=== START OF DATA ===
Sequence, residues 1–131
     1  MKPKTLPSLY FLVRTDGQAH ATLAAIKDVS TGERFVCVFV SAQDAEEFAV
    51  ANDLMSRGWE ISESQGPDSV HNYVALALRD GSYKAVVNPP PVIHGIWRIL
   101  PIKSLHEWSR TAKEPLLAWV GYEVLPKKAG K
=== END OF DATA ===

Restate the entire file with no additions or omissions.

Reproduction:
Sequence, residues 1–131
     1  MKPKTLPSLY FLVRTDGQAH ATLAAIKDVS TGERFVCVFV SAQDAEEFAV
    51  ANDLMSRGWE ISESQGPDSV HNYVALALRD GSYKAVVNPP PVIHGIWRIL
   101  PIKSLHEWSR TAKEPLLAWV GYEVLPKKAG K